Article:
19 On the Cliff
The ocean stretched the sound, echoing it back and forth. Neri listened, hearing her own shout flow farther and farther away. Other creatures heard and answered with their own sounds.
Charley moaned in annoyance. He is not anywhere. Stupid calf to leave the pod. He will get hurt by things with teeth.
Yes. I am afraid he will.
Not your calf.
But I must care for him. He has no one else.
Charley didn’t understand. Whales did it differently. But since Neri wanted to find Kal, Charley would help her look. They swam to the limits of their territory, and checked as many of the islands as they could. The other animals who would talk to Neri hadn’t seen another thing that looked like a land-walker in the water. And there was no sign of Kal.
“Not a trace.” Brett said as he caught up to his brother in the hall. “I just talked to Neri topside, she and Charley have been searching all day. Maybe Neri’s right, maybe something serious did happen to him.”
“Nah, he’s still just sulking.”
“But he hasn’t been on Orca, nobody’s seen him for nearly two days.”
Jason shook his head. “I still think he’s just trying to scare us. Probably found somewhere on the coast to hole up or something. Betcha he’ll be back tomorrow.”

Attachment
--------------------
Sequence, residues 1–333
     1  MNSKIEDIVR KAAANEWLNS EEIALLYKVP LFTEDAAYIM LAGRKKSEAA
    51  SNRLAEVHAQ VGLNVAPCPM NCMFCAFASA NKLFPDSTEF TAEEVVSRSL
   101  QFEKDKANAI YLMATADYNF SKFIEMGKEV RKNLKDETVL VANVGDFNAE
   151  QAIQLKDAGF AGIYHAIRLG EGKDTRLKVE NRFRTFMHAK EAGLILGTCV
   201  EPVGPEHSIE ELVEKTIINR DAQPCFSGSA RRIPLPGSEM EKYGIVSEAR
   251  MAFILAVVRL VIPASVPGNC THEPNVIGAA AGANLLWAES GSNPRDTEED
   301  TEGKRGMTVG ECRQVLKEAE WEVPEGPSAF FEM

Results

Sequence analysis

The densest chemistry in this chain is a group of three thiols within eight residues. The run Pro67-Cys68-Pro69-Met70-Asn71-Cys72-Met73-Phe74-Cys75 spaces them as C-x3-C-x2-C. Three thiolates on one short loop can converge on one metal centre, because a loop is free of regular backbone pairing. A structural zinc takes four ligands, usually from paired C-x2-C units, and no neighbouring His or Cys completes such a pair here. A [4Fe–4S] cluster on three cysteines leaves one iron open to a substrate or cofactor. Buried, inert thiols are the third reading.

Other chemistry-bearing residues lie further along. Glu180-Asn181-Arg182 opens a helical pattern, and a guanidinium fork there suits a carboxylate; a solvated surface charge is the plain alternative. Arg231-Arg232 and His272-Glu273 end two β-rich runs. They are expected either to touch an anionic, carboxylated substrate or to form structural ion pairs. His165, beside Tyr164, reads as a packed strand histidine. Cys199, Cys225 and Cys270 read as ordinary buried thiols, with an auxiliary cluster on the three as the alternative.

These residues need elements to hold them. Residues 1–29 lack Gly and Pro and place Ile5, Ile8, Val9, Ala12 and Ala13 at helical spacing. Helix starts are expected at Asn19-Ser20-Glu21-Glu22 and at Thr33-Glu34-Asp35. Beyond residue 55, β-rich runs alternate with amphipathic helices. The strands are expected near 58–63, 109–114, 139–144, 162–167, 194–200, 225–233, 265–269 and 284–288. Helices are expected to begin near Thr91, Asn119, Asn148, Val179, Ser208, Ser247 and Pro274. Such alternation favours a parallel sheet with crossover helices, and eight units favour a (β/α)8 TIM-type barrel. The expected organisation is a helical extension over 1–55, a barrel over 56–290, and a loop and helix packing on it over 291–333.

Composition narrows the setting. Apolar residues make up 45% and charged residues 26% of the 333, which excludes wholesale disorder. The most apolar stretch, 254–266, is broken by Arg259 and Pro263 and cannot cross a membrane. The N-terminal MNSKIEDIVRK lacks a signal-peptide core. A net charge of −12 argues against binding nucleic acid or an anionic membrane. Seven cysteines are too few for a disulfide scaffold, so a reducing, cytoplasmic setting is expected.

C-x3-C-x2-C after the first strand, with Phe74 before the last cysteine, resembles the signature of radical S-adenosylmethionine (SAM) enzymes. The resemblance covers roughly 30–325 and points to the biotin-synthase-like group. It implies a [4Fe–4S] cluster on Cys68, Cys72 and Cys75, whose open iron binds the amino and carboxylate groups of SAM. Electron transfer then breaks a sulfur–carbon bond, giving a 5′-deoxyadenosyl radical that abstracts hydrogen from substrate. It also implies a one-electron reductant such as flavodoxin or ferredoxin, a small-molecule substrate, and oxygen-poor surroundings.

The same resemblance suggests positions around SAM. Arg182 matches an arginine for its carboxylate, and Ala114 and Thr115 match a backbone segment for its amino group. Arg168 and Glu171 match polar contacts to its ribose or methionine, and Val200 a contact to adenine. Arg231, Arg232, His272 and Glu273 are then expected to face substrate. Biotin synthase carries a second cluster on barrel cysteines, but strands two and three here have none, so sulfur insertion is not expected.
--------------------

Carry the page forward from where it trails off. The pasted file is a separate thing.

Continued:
Brett was still worried, but he had to admit Jason had a good point. They’d looked pretty hard but there was no way they could cover every place a sulking Kal might be hiding out. “I hope.”
“Neri coming in?” Jason asked.
“Nah, she was pretty tired. She’s going straight back to the island.”
Jason nodded, disappointed. “Well. Let’s get everybody’s dinner. Man, I wish we had a cabin big enough for a table!”
Brett laughed. “Yeah, eating in the galley or the lab gets kind of old. I think Mum would like a cabin big enough that Lena could leave her stuff out without it getting in the way!”
They got the trays and headed down to the lab for dinner with their mother and Winston and Lena.
Hellegren watched the boy through the two-way mirror. The boy was eating, ripping bites of flesh from the fish with his fingers. It was a grand sight.
“The first vital step has been taken.”
Kellar made a dismissive noise. “He still doesn’t speak. I think it is time we used some real…”
“He eats. Don’t you see? He eats my food. He depends on me for something. The next step is to find out what else this boy wants, that we can give him. And then he will be ours. It is only a matter of time.”
Neri slept, and words rippled through her dreams.